Hatch opening, not on the crew’s timeline until Tuesday, could occur late on Monday should the crew opt for some over time and would begin with a leak check of the berthing interface before the Harmony hatch can be opened. Accessing the vestibule between ISS and Dragon, the crew will remove four Control Panel Assemblies used to drive the CBM bolts and then put in place power and data jumpers to hook Dragon up to ISS power supply and data systems.
Hatch opening on the Dragon will be preceded by pressure equalization and the crew donning protective gear to ensure floating debris, if present inside the vehicle, can not harm the ingressing crew members.
The Dragon SpX-11 spacecraft is booked for a stay of four weeks, currently targeting departure and landing on July 2, giving the crew all hands full to move cargo from Dragon to ISS and complete various experiments that need to ride back to Earth aboard the Dragon. On the outside of ISS, the Station’s robots will be busy with the three external payloads delivered by Dragon.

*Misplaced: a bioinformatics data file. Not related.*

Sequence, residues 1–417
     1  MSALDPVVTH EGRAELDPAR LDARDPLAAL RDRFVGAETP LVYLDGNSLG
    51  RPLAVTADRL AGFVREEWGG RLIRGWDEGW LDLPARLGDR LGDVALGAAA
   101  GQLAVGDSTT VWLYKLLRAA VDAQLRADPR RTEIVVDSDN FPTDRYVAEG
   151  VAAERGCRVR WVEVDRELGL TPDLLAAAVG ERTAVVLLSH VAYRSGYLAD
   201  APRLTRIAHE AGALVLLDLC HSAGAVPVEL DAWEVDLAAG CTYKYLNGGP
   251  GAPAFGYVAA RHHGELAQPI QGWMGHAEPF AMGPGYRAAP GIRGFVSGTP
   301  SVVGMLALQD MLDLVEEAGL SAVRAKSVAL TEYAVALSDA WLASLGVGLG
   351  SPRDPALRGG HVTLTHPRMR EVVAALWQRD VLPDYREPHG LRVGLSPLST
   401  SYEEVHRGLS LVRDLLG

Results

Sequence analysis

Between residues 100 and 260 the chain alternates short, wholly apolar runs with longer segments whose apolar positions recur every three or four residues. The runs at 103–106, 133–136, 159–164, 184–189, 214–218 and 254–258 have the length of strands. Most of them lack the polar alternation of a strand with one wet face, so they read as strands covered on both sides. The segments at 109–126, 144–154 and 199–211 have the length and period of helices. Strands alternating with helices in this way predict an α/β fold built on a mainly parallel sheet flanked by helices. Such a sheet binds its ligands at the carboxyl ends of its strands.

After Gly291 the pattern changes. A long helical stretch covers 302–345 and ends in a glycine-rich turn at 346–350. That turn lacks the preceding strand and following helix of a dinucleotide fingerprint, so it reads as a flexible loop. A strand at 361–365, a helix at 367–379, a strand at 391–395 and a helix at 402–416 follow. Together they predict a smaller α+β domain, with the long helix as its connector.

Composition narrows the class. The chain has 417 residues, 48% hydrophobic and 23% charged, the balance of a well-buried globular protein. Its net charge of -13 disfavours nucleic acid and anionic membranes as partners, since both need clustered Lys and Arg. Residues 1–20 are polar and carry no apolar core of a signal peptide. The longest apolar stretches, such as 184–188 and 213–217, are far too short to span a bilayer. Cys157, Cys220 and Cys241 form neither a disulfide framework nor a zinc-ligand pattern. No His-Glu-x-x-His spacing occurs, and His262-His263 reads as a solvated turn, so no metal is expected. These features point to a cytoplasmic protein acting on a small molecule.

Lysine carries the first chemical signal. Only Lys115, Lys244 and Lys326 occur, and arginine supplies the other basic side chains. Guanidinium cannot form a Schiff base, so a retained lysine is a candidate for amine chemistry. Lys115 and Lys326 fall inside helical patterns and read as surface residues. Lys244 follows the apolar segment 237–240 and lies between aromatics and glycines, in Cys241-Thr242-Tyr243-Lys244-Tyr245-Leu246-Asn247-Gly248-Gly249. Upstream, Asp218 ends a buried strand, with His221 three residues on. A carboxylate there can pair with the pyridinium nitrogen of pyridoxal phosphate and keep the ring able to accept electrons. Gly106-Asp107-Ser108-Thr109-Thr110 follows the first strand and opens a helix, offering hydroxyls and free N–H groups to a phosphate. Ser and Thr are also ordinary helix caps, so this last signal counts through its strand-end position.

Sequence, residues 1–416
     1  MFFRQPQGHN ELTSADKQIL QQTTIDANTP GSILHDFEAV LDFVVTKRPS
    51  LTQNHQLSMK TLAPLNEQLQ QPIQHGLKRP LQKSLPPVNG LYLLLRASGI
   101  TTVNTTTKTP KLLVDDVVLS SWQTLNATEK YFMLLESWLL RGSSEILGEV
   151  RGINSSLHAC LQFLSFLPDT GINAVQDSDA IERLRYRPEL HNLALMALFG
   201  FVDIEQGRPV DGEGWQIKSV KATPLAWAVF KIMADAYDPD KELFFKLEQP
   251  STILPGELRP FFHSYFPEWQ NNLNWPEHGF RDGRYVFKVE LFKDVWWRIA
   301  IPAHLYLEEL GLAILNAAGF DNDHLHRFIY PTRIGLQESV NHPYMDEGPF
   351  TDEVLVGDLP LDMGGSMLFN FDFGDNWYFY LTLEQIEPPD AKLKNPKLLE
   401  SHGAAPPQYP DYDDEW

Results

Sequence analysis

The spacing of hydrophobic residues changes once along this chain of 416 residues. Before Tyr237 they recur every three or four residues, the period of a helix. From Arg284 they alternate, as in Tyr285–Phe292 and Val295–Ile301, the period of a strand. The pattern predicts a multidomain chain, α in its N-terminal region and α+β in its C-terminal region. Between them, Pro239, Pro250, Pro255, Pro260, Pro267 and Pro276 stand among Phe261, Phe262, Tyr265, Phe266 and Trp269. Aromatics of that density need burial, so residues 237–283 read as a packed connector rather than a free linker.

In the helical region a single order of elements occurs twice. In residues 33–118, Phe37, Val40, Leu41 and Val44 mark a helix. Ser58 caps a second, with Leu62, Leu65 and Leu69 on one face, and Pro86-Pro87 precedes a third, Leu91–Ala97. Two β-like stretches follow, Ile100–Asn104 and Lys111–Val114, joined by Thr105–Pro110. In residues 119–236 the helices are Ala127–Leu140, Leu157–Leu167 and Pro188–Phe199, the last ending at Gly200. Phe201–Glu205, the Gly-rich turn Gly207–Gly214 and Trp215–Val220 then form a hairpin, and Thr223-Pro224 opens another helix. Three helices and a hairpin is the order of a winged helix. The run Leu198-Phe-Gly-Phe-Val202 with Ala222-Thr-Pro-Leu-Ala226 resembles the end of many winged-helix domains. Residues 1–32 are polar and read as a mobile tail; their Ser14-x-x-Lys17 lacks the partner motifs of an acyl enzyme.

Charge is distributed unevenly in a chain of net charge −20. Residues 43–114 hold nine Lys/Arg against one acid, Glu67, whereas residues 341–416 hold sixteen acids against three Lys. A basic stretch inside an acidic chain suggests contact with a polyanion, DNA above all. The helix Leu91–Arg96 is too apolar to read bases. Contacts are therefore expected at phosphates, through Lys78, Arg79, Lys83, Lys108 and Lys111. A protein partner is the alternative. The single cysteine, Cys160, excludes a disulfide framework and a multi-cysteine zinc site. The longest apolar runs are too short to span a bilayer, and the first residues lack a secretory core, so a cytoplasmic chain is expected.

Bolted into the Dragon Trunk is NICER, the Neutron Star Interior Composition Explorer set for cutting edge observations of the densest stars in the universe to probe their interior structure and assess their potential as space-based navigation sources. MUSES, the Multiple User System for Earth Sensing, will take up residence on the Station’s truss to provide an actuated Earth-pointing platform for up to four remote sensing instruments.
ROSA, the third Trunk Payload, will demonstrate a roll-out solar array designed to satisfy the power-hungry satellites of the future and power craft headed deep into the solar system. The Roll-Out Solar Array will complete a one-week test to demonstrate its solar-thermal deployment and power characteristics in the space environment – retiring technical risk for future missions adopting this new technology.
In addition to 1,056 Kilograms of science experiment hardware, Dragon is also lifting 199kg of maintenance hardware for the various ISS systems, 242kg of crew supplies including food and hygiene articles, 27kg of computer resources and 56kg of spacewalk equipment.